BRISTOL, Tenn. - More than 100 million people use Snapchat everyday, including thousands right here in the Tri-Cities. But its newest feature, Snapmap, is raising red flags.
12-year-old Zoe Arrington and 11-year-old Emma Smith are two of the 71 million Americans who use the app on a daily basis. But Bristol, Virginia Police say the Snapmap could put kids like them in danger.
"Some of these features on social media that give your location are very dangerous," Captain Maynard Ratcliff says.
Snapmap users share their exact location with their friends in real time, but police say someone who may be your friend on social media may not actually be who you think they are.
"We don't know who's really looking at it and who's got access," Captain Raycliff says. "It could be sexual predators or child molesters."
Captain Ratcliff suggests parents sit down with their children and talk about what should and should not be posted online. After telling Zoe's dad about some of the safety concerns with Snapmap, he says he's taking action.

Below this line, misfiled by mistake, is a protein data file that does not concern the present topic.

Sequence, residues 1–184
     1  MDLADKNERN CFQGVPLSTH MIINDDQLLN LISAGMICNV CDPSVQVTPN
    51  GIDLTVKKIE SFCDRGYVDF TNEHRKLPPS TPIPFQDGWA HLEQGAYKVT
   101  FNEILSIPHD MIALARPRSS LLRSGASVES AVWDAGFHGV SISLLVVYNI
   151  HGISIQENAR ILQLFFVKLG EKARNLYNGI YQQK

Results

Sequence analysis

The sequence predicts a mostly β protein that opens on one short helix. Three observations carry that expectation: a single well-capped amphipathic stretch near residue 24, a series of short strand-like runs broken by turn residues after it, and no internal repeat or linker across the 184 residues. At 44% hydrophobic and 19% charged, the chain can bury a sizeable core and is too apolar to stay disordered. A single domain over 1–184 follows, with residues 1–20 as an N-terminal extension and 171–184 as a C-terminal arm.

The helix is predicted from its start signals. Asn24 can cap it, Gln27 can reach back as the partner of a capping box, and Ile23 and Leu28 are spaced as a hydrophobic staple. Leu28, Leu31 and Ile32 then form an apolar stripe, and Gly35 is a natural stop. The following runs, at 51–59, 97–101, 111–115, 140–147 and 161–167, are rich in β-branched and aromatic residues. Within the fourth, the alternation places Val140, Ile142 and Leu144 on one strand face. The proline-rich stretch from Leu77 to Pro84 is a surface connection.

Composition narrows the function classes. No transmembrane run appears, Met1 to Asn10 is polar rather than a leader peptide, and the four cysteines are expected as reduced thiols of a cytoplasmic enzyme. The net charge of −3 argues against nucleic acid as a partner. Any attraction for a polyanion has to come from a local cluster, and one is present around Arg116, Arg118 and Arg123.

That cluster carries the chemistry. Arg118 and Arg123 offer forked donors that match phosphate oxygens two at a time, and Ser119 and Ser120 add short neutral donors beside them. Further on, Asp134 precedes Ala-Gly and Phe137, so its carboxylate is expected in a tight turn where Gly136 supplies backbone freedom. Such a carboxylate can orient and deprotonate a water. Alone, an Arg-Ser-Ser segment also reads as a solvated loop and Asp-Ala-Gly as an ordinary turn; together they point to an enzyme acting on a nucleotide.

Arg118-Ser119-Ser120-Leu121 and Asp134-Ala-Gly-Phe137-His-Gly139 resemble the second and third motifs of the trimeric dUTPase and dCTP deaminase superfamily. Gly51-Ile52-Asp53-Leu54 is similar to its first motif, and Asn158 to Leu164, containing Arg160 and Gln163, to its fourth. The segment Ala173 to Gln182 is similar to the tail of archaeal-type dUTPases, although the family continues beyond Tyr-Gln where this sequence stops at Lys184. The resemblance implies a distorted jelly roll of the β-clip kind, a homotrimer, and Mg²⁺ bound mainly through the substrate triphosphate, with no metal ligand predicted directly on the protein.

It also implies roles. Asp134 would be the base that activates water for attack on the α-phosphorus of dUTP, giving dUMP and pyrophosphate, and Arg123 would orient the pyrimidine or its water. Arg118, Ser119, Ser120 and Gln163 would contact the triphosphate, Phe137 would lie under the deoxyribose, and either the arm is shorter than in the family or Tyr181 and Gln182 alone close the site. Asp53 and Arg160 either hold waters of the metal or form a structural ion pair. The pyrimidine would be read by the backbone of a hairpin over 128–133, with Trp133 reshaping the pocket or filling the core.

"We're going to get the phone and make sure that feature is turned off," Trey Arrington, Zoe's father, says.
And the young Snapchatters seem to understand why.
"You don't want them to go to your house and get a hold of you and kill you," Emma Smith, an 11-year-old Snapchatter, says.
If you don't want your friends to see your exact location, you can turn the GPS tracking off by switching the app into ghost mode.
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